In 2012 I read “Where Things Come Back” by John Corey Whaley and I became an instant fan. His book was amazing and I completely agreed with the many accolades the book and it’s author received. So, when I read the plot summary for his latest book, I knew I had to read it. As a sophomore venture, “Noggin” does not disappoint. I am an even bigger fan and hope to be able to see him again soon (he was at YALLfest in 2012) so I can
stalk follow him and get his autograph. –Diana
Listen — Travis Coates was alive once and then he wasn’t.
Now he’s alive again.
Simple as that.
The in between part is still a little fuzzy, but he can tell you that, at some point or another, his head got chopped off and shoved into a freezer in Denver, Colorado. Five years later, it was reattached to some other guy’s body, and well, here he is. Despite all logic, he’s still 16 and everything and everyone around him has changed. That includes his bedroom, his parents, his best friend, and his girlfriend. Or maybe she’s not his girlfriend anymore? That’s a bit fuzzy too.
Looks like if the new Travis and the old Travis are ever going to find a way to exist together, then there are going to be a few more scars.
Oh well, you only live twice
As I stated, I was already a fan of Whaley’s when I found out about “Noggin” and I couldn’t wait to get my hands on it. So I was thrilled when one of the gifts my kids gave me for Mother’s Day was this book. Since I’m allowed to lounge around that day, I pretty much read the whole book that day and it was sooo good.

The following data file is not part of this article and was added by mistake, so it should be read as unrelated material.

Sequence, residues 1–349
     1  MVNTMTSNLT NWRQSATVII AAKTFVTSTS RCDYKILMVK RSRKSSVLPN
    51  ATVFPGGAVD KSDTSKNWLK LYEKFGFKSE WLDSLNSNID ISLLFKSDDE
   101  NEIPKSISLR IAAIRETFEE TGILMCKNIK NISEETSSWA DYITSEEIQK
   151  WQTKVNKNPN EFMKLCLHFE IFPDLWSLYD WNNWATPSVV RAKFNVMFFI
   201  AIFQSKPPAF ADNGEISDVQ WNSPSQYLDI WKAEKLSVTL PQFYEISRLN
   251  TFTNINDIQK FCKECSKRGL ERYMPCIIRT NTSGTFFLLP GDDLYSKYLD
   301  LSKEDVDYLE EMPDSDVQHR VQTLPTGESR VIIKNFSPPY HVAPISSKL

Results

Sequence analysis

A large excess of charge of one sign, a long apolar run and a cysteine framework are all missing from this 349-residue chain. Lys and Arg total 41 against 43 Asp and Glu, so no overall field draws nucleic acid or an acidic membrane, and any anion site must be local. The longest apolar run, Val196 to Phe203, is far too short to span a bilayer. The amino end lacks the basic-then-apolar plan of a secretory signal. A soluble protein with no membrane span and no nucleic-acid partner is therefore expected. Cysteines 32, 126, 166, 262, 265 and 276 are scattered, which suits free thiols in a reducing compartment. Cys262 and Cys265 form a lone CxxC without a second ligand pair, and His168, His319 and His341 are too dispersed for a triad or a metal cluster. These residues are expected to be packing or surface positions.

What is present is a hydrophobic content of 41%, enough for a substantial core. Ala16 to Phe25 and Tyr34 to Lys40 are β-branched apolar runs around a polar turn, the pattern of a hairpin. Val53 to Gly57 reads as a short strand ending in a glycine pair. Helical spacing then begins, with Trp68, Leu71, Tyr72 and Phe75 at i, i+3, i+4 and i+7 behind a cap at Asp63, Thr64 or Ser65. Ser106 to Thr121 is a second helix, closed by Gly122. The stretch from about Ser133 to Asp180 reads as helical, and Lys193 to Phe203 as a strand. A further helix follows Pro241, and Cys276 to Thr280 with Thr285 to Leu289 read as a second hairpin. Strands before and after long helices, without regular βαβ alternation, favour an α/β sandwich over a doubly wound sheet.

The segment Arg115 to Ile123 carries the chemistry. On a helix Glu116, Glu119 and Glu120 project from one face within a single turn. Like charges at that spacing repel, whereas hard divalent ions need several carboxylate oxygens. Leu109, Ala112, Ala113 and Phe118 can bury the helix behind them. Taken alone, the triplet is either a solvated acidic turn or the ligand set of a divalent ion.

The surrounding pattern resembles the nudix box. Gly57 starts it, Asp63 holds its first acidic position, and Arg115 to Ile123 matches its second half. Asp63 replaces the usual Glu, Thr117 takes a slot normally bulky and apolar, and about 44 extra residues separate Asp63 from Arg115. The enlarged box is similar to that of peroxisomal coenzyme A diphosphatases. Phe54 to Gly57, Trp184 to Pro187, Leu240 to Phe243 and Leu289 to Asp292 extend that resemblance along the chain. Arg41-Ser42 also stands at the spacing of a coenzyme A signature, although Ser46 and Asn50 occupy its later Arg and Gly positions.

Of course, the premise is astounding. A boy’s head is cryogenically kept alive until a body donor is found and then his head is reattached and he comes back to life. So, yes, thoughts of Frankenstein are certainly apropos. Yet it’s so much more than a sci-fi meets teenager story. Travis has so much to deal with. For him, time stood still, he’s still sixteen years old, but for everyone in his life it’s five years later. His friends are young adults in college now and things have changed all around him. It’s especially difficult for him because he still loves his high school girlfriend, but she’s moved on and is confused herself. So the story becomes more about him coming to terms with his new life than anything else.
In Whaley’s skilled hands, Travis’ story rings true and real (yes even with the crazy sci-fi stuff). This book is so good, I hope that it also receives the accolades that Whaley’s freshman novel received. Regardless, I’m an even bigger fan and I must check his website to see when he will be coming near my home so I can meet him and get his autograph.
“Some people say dying alone is a fate worse than death itself. Well, they should try being alone during the living part sometimes. There’s no quicker way to make you wonder why the hell you ever thought you’d want to return.”
“You ever feel like you know someone so much that they can breathe for you? Like when their chest and your chest rise and fall, they do it together because they have to? That’s how it felt. That’s how it always felt.”
“I thought maybe a day was coming when I’d stop constantly worrying about how to live. Maybe at some point I’d just start living, no questions asked.”
“Maybe we all just exist, all versions of us exist at times, and we have to figure out a way to get to each of them, to find each one and tell that version that it’s okay, that it’s all justthe way it works, a concept too powerful to ignore but too complicated to explain.”